New blight strain demands extra vigilance

With aggressive potato blight strain A2-Blue13 now dominant, skill is again needed to strike the right balance between effective control and acceptable fungicide use.

The new strain first showed up near Ipswich in 2005 and has rocketed in prevalence from 38% that year to almost 80% now.

When combined with blight-conducive weather and poor spraying conditions, as in 2007, it can put pressure on blight control programmes, leading to some of the worst potato blight on record.

“Growers need to be aware that we are dealing with a different type of blight these days,” advises Potato Council blight specialist Gary Collins. “It is more aggressive, it is fitter and it will come into crops earlier. So consult an agronomist to ensure you correctly interpret the risk of blight, indicated by Smith Periods, and choose the right control strategy.”

That A2-Blue13 is more damaging is not disputed. PC-funded glasshouse trials show it is the most aggressive strain, creating larger blight lesions and producing spores more rapidly than other strains.

Significantly it can produce spores at less than 10C and the period between infection and sporrulation is far shorter than previously encountered – typically four and a half days for the new A2 blight, compared to six or seven days for conventional blight.

SCRI’s Dave Cooke confirms the rise of A2-Blue13. “The onward march of the Blue A2 blight strain is really quite clear. Genotype testing of more than 1600 samples in 2008 has revealed it now represents 79% of the blight population – up from last year’s 71%. Blue 13 is now dominant across the whole of Great Britain.”

So does that render Smith Periods obsolete? Not at all, insists Mr Collins. “Smith periods are still a very good indication of blight risk. Research so far has compared A2-13 to other strains at two temperatures. It’s enough to show us there’s a change, but not enough to redesign decision support systems.”

Paul Coleman, technical director with potato packer Greenvale, agrees. “Smith Periods still have a valid part to play and the Blightwatch website highlights whether blight has been found in your area and whether Smith Periods and, perhaps more relevantly now, ‘near misses’ have occurred. That helps drive spraying decisions.”

Where blight pressure is moderate start spraying early and adopt a seven-day interval, tightening to an even closer five-day interval under severe pressure, advises Mr Coleman. But he is keen for growers not to over-react.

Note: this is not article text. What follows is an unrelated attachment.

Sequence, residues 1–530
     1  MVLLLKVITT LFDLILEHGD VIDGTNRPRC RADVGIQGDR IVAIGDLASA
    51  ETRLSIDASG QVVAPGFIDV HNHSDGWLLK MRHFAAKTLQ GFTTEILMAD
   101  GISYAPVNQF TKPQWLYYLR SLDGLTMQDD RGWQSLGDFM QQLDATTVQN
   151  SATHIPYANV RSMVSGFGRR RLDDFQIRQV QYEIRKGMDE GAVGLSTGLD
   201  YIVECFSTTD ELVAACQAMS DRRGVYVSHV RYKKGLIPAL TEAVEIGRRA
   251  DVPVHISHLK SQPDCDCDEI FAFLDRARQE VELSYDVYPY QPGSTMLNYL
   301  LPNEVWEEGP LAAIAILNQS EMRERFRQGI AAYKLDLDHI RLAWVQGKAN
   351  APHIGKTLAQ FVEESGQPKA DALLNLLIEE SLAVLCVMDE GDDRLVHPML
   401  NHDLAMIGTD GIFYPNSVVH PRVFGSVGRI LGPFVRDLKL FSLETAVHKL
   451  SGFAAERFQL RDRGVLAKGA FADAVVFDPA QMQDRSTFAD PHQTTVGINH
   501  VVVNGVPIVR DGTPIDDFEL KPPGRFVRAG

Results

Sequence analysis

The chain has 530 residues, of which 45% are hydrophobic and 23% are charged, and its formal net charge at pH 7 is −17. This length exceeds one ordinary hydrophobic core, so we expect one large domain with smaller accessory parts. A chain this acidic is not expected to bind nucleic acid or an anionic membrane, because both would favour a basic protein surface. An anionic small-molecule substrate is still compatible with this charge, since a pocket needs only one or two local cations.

“We’ve been living with this new strain for three years now. Yes, it is more aggressive, with larger lesions and a marginally shorter lifecycle, so blight management strategies do need to change, but only when conditions are conducive for blight. There’s no need to charge in too early with seven-day sprays when the weather is still dry and there is no risk of blight. Look at the risk factors first,” he urges.

John Keer, who runs field trials in East Anglia, echoes the view that blight is now a different disease. “I see it clearly in trials, where older products, based on phenylamides, mancozeb, Shirlan and the like, are giving nowhere near the control they did 10 or 11 years ago.”

But that does little to change his view of Smith Periods. “I’ve always seen them as rather retrospective. I’d rather look at whether blight is in the area, and Blightwatch is very helpful for that, and then consider the weather forecast. Even today’s better chemistry is still protectant, so protecting the crop ahead of what is coming is what counts.”

So what is the advice for flexing strategies this spring? “Where the threat of blight is high, an early start to the programme may be necessary, and there may be less scope to extend spray intervals,” Mr Collins comments. “Growers should also ensure a good mix of active ingredients in their fungicide programme, particularly being mindful of a more cautionary approach to phenylamide use as recommended by manufacturers.

“It’s now more important than ever to build well-timed applications around a realistic threat-based blight control strategy. Above all, stay alert and report any signs of blight.”

Potato blight

  • £20m a year spent on control
  • A2-Blue13 more aggressive: Sporulates at lower temperatures and cycles in 4.5 days not 7-8 days. Dominant in UK – first found near Ipswich 2005
  • 2007: Worst blight pressure on record – 301 outbreaks and double the usual number of Smith Periods in June and July (2200 cf 800); hampered by poor spraying conditions
  • 2008: 255 blight incidents, crops received 11 fungicide treatments on average
  • Smith Period guide to infection risk: Two consecutive days over 10C with at least 11 hours a day above 90% relative humidity. “Near miss” if one or both days includes 10 hours above 90% rh
  • Sign up to PCL Blightwatch and Fight Against Blight at www.potato.org.uk/blight (existing users get first message in early May)

Blight research

Ensuring decision support systems keep pace with the new blight strains is a key focus of a new three-year £250,000 Potato Council-funded blight research programme, which aims to improve understanding of how new populations respond to temperature and humidity. The Potato Council is also commissioning blight scouts to undertake intensive crop monitoring and sampling again this year, to aid ongoing blight population research.